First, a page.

• Starts to shift the beliefs of those we hire away from hierarchical thinking. Since most of our society is trained to think hierarchically (as I was), the sooner we start to introduce a different way of working and thinking, the better.

  • Gets better results! This is why Maggie called the overall approach Bottom-Line Training—it improves one or more of our three bottom lines (great food, great service, and great finance). When new staffers are more bought in, we learn from them more quickly, turnover tends to go down, they recommend our workplace to others, and the odds of them mastering the skills needed for their job improve. When their training is going well it manifests in their energy, which in turns increases their service skills and their attention to detail. In the end, everyone comes out ahead! As Peter Senge says, ​​“The only sustainable competitive advantage is an organization’s ability to learn faster than the competition.”

Maggie, I know, is not alone in realizing that the old teacher/trainer as boss, student/trainee as rule-following supplicant doesn’t work well. Jennifer Gonzalez’s progressive podcast, “Cult of Pedagogy,” has a number of talks you can listen to about it. Edward L. Davis, in his book I highly recommend, Lessons for Tomorrow, emphasizes that we can’t continue to make learning an assembly line process: “We need multiple pathways to meet learning goals and a system that encourages individual inquiry and discovery.” Davis supports what Maggie had written into the Training Compact ten years earlier: “Learning is demand driven, not supply driven.” In 2014, Frederic Laloux wrote about what he believes is the future of business: “The biggest change in regard to training is, of course, that employees are in charge of their own learning.” The Training Compact does a terrific job of putting all these progressive educational ideas into a very practical, on the ground, business savvy reality.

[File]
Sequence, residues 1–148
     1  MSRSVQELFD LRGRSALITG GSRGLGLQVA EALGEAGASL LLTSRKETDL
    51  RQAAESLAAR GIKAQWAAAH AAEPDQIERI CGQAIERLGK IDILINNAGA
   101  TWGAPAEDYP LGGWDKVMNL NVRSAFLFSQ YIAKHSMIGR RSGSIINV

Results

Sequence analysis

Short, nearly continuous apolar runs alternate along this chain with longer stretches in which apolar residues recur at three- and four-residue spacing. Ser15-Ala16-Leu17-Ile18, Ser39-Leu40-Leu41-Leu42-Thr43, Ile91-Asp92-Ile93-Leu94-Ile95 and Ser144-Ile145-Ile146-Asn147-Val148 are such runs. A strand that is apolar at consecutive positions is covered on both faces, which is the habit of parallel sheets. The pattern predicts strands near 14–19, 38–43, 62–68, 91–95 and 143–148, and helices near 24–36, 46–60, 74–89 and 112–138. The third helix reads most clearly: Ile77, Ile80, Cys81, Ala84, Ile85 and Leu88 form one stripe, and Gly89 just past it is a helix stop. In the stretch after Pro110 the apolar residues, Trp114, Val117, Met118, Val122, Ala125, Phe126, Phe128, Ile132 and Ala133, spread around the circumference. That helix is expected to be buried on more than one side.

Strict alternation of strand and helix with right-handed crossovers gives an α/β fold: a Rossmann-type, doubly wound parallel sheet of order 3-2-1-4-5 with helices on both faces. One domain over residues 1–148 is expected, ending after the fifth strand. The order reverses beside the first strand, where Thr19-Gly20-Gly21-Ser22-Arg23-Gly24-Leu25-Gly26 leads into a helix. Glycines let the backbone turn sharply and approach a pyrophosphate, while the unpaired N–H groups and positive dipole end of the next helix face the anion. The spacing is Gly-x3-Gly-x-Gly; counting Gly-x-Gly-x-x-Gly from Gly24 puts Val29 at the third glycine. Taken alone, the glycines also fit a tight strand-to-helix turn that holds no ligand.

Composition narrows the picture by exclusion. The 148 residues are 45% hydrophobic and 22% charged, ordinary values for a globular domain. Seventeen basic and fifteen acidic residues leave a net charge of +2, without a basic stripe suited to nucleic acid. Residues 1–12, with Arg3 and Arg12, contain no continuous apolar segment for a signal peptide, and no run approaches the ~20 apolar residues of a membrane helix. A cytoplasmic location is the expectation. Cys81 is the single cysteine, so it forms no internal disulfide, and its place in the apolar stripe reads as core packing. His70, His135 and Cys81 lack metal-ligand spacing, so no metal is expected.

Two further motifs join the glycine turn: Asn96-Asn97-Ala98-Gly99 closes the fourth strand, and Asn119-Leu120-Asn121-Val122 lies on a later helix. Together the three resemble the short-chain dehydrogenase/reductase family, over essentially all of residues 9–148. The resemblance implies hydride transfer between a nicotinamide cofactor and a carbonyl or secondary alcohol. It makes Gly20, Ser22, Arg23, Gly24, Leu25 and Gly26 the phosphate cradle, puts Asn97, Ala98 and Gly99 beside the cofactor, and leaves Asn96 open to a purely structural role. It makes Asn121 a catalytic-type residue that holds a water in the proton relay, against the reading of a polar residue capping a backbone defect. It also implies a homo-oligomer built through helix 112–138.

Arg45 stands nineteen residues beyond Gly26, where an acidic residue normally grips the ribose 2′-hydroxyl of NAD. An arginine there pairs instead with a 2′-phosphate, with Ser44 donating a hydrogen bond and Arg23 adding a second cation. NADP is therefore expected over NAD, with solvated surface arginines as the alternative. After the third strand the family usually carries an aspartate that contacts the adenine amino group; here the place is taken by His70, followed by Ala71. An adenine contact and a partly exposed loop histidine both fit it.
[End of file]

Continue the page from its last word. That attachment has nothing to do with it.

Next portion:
Although Maggie might not have known at the time we did this work, the roots of this thinking go back a long way; the ideas of self-management and equity are deeply embedded in the anarchist beliefs about education. Maggie’s progressive thinking about a more egalitarian, inclusive, and effective approach to training was prefigured a hundred years earlier by Francisco Ferrer and his colleagues at the Modern School. Ferrer, Maggie’s good work would indicate, was onto something. As David Whyte writes in Crossing the Unknown Sea, “A good artist, it is often said, is fifty to a hundred years ahead of their time, they describe what lies over the horizon in our future world… ” Ferrer was one of those artists. And so, I will forecast here, is Maggie.